Ten years ago this month, I wrote an article on this blog titled, “What are You Going to Be Exceptional at in 10 Years?”
In the article, I picked two skills I wanted to get good at over the following decade: writing and micro-entrepreneurship.
I’m not sure why I felt the need to write “micro-entrepreneurship” instead of simpler terms like “entrepreneurship” or “running a business.” I suppose that’s probably because I still had a lot to learn as a writer.
Now that I’m ten years older, how did those two plans fare?
In terms of (micro)entrepreneurship, I feel like I actually have gotten fairly good at it. I’ve run a business for so long now that many of the hard-won lessons of the past decade just feel obvious to me. It’s only when I talk to people who are just trying to start businesses that it’s clear how much I’ve learned from my past mistakes.
In ten years, I’ve gone from struggling to make enough money to pay bills, to earning enough to live comfortably, to having a small team with quarterly meetings where we use words like “strategy” and “branding” and make goals based on charts with quadrants.
There’s a lot of ways to be an entrepreneur, so my ambitions may not reflect yours, but I feel like I did a pretty good job, being able to earn a comfortable income doing what I love on my own terms.
When I go back a decade and read old posts, I often cringe at my writing. My old headlines are unappealing yet also clickbait. I have long, rambling paragraphs nobody will read, and yet other parts of my writing seem glib.
I’d like to think my ideas have matured as well, but I find it interesting that often I’ll write a new article and then find an older, more poorly written version of it sitting several years back in my archive. I’ve written so many posts, I hope the readers will forgive a few accidental reruns.
Although my blog writing has improved a bit, my books have gotten much better. Comparing Learn More, Study Less (which I wrote over ten years ago) to Ultralearning, and they seem unrecognizably different. Learning how to do research, tell stories and properly source my work were skills I developed later as a writer.
What I Got Wrong
Ten years feels like a long time. Especially when you’re twenty.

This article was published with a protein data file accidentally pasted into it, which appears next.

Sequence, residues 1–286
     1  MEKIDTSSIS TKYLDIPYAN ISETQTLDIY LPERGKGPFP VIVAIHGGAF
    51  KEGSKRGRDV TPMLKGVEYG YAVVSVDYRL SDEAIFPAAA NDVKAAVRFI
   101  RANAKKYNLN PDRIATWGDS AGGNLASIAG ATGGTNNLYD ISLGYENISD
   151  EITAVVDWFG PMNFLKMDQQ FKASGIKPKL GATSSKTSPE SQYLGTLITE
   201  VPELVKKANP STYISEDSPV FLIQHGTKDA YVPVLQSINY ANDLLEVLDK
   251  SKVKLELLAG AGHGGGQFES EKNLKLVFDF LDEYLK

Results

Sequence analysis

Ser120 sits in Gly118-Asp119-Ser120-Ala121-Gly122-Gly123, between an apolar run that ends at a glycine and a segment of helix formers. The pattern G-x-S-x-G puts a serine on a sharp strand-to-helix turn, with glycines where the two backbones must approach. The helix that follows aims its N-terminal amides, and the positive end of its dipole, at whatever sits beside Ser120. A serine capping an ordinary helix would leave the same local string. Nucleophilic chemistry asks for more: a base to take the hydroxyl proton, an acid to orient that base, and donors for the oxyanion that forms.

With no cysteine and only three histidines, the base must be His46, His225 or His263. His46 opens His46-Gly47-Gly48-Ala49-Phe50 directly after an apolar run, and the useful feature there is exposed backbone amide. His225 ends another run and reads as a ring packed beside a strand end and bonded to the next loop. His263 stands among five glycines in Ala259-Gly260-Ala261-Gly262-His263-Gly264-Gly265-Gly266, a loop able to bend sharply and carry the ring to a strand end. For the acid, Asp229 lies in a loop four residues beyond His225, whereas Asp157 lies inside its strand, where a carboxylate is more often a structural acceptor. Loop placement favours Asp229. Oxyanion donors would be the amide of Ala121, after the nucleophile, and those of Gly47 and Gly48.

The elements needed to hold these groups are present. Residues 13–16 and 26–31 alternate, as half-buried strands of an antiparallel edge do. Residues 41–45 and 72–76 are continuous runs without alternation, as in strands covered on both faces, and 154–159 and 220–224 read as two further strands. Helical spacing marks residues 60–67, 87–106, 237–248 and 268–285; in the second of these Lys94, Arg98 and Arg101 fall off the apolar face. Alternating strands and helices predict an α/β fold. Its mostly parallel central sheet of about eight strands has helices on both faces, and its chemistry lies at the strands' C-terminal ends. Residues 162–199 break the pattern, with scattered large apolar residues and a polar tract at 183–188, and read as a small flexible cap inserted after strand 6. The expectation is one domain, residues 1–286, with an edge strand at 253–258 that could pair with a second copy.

It feels a bit like how the British signed a 99-year lease on Hong Kong. Ninety-nine years is basically forever, right? I’m sure this won’t cause any issues in a century when China wants it back.
Similarly, decade-long goals are hard to act on because the person you’ll be ten years from now feels so distant. I imagined ten years of writing and running a business would put me at a level of mastery. Now, having lived the last ten years, I feel like my career as a writer and entrepreneur are just beginning, with a lot more lessons still left to learn.
In this sense, I feel like my plans were, ironically, somewhat shortsighted. I saw ten years of improving writing and business and couldn’t imagine there would be much more to attain. After ten years, I’ve become aware of just how much further there is to go.
What I Got Right
I used to joke about famous people I met when their blogs were still smaller than mine. Chris Guillebeau, Leo Babauta, James Clear, Benny Lewis. I think I even met Cal Newport before he started his blog. Now these people have juggernaut businesses and bestselling books.
Deep down, however, there was probably more than a hint of envy that it took me so much longer to get established. Chris Guillebeau wrote a book 279 Days to Overnight Success. Well mine was more like 1825 days, and even then it wasn’t easy to call it a success. Seeing peers eclipse you professionally can be tough, especially when you’re grinding away every day.
As I look back, however, I’m so grateful that I started early and worked hard. It’s easier to be a starving writer when you’re already a broke student. Bootstrapping is easier when your poverty threshold is $20,000 a year. Failures are easier to swallow when you still have “potential” instead of just a lousy track record.
I often meet new writers today, who are my age, but just getting started. I hope they’ll work hard. I hope that success won’t take them as long as it did for me. I hope they won’t get discouraged as the future can often be a hard road with an uncertain destination. Above all, I hope they’ll look at the next ten years with enthusiasm at the prospect of getting good rather than despair at the distance they still need to travel.
Even if ten years was too short to expect excellence, I’m glad I picked something and worked hard on it, especially when success seemed so far away. Hopefully, ten years from now, I’ll be able to look back at how far I’ve come.